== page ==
The government has launched a new small and medium size business (SME) credit data sharing scheme, designed to make it easier for new banks and alternative finance providers to check credit worthiness of potential business customers.
The scheme, governed by the new Credit Information Regulations, will make it easier for new challenger banks and alternative finance providers to check credit worthiness of potential business customers, increasing the number of funding options open to SMEs and helping more businesses find the funding they need to grow.
Under the scheme nine banks and three Credit Reference Agencies have been instructed to share, with the SME’s permission, the credit information they hold on SMEs equally with all finance providers.
The following banks have been instructed to share their data with Experian, Equifax and Creditsafe (the CRAs).
· Clydesdale & Yorkshire Bank
· Bank of Ireland
· Danske Bank
· First Trust Bank
The CRAs must then share this data equally with all finance providers.
A number of bodies, including the Office of Fair Trading and the Competition Commission, have all highlighted how a lack of information about the creditworthiness of SMEs has been a major barrier to competition in the SME lending market. The biggest banks currently have access to much more data than challengers and the new regulations will enable over 100 alternative finance providers to compete effectively in the SME lending market. SMEs are vital to the UK economy, accounting for over half of private sector employment and nearly half of all private sector turnover. The ability of SMEs to access finance is important for funding business investment, ensuring businesses reach their growth potential, and for facilitating new business start-ups.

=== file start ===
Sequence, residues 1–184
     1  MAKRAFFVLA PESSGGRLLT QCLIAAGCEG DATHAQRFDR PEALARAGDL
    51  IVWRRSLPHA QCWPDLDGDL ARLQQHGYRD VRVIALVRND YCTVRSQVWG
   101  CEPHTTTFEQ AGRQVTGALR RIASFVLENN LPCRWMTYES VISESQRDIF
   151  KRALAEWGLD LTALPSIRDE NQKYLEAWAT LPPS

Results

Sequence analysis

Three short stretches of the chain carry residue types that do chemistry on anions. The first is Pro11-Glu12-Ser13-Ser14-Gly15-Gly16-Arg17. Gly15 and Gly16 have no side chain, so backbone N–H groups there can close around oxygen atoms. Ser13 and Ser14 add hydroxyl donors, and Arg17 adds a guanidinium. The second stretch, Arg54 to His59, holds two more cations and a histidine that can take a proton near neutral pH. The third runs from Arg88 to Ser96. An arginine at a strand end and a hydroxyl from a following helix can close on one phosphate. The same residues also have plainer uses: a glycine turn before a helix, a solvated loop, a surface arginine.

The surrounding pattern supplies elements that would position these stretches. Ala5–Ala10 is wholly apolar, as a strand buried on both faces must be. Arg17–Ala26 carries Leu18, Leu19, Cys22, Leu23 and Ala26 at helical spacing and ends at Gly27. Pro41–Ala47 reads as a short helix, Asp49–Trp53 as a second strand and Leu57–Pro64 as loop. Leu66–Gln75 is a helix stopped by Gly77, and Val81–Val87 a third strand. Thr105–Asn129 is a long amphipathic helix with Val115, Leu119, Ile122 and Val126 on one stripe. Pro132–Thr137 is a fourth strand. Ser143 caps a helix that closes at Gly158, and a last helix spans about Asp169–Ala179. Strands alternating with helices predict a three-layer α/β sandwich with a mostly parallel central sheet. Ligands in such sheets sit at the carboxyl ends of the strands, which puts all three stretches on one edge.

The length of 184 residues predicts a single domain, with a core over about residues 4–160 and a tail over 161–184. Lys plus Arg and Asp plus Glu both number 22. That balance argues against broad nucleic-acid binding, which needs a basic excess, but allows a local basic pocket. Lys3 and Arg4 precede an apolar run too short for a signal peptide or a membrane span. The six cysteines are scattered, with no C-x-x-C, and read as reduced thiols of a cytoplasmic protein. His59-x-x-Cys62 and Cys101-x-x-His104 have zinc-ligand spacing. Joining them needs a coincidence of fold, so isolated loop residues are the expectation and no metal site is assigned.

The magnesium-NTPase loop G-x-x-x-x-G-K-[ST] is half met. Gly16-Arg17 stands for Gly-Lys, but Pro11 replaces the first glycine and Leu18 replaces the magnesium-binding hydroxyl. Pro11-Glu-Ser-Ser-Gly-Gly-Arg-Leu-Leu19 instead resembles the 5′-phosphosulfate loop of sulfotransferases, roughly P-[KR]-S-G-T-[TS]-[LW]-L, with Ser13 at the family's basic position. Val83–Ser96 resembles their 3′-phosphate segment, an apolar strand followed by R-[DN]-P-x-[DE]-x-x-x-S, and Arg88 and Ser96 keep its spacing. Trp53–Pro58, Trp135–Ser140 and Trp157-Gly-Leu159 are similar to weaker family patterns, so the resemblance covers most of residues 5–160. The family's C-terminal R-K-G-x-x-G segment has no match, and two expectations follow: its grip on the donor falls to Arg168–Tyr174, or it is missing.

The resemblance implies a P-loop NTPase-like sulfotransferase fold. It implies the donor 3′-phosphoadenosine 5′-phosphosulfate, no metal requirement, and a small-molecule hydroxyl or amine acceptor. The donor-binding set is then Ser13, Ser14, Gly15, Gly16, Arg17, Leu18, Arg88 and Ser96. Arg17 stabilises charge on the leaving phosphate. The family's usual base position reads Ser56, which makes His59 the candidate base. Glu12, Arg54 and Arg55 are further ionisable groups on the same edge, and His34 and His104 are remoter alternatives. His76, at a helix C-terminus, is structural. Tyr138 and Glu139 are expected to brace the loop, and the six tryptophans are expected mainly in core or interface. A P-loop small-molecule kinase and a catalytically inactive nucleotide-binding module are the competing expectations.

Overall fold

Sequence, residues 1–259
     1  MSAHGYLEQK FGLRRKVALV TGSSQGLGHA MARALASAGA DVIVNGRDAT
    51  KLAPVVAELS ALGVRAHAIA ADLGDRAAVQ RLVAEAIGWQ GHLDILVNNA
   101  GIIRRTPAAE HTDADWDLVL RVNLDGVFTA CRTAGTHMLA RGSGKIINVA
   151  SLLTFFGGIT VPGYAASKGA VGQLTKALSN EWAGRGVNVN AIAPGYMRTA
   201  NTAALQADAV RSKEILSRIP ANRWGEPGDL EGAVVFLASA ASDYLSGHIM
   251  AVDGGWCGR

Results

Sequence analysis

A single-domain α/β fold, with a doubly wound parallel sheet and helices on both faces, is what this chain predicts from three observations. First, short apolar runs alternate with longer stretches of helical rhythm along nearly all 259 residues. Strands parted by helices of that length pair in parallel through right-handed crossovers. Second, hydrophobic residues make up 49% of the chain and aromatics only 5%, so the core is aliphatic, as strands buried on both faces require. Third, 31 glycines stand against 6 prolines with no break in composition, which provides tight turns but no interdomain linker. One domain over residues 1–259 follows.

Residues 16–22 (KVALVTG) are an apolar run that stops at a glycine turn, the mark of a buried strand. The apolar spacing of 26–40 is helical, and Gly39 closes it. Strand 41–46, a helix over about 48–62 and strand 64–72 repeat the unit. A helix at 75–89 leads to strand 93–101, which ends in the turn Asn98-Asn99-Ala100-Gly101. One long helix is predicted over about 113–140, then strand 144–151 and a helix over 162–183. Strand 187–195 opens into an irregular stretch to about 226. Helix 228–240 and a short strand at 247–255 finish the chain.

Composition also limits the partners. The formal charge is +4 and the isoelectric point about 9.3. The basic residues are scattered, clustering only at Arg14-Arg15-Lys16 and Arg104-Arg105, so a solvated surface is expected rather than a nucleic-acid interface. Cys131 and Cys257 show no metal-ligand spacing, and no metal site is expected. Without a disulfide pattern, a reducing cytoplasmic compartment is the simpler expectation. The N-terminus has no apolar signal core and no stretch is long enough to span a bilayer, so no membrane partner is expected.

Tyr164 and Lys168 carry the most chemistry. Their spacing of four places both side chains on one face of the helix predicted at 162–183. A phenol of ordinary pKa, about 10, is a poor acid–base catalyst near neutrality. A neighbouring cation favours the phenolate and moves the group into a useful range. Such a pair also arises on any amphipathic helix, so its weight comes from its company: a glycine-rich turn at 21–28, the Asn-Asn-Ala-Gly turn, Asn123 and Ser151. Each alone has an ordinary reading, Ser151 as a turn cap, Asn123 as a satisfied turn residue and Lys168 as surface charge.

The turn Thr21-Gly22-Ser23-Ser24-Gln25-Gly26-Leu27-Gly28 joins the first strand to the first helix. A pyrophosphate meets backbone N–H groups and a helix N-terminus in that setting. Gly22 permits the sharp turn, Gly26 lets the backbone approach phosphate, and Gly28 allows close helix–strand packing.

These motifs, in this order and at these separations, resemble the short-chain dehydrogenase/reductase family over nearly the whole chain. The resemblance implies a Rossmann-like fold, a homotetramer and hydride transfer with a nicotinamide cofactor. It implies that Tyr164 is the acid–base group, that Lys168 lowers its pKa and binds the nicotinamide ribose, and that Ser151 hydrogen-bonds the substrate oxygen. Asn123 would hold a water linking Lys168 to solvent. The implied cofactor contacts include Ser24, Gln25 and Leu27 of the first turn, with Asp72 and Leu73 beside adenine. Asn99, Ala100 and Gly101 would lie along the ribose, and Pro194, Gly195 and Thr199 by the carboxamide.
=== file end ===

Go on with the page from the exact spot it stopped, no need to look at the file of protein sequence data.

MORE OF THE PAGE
Harriett Baldwin, the Economic Secretary to the Treasury, said:
“The government is determined to encourage a competitive banking system that supports growth and creates jobs.
Small businesses are the backbone of Britain’s economy and it is right we make every possible source of finance available to them.
The best way to deliver this is to increase competition in the banking sector and remove the barriers to new sources of finance for SMEs. Requiring banks to share data is a major structural reform that will level the playing field between banks and alternative finance providers.
The government expects data sharing to begin later this year when tests between banks and CRAs confirm that data can be shared accurately and securely.”